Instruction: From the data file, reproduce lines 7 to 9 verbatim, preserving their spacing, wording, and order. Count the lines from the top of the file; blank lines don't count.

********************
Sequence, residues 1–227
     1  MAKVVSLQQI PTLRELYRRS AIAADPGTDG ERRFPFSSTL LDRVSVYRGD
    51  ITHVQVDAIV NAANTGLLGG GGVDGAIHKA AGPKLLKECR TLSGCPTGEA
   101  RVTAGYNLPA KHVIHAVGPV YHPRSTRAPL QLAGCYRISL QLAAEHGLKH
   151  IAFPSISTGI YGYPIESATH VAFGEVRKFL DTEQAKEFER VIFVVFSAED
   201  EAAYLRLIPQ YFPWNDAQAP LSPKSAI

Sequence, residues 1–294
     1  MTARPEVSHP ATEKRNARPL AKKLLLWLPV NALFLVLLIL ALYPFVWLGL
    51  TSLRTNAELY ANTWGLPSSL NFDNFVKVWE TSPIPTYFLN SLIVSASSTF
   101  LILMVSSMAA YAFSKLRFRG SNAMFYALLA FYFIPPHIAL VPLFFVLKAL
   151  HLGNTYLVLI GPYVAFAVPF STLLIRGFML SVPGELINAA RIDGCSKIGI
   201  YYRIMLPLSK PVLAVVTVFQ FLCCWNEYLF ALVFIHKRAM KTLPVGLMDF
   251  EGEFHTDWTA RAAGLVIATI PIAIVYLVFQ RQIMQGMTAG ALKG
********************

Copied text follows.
Sequence, residues 1–294
     1  MTARPEVSHP ATEKRNARPL AKKLLLWLPV NALFLVLLIL ALYPFVWLGL
    51  TSLRTNAELY ANTWGLPSSL NFDNFVKVWE TSPIPTYFLN SLIVSASSTF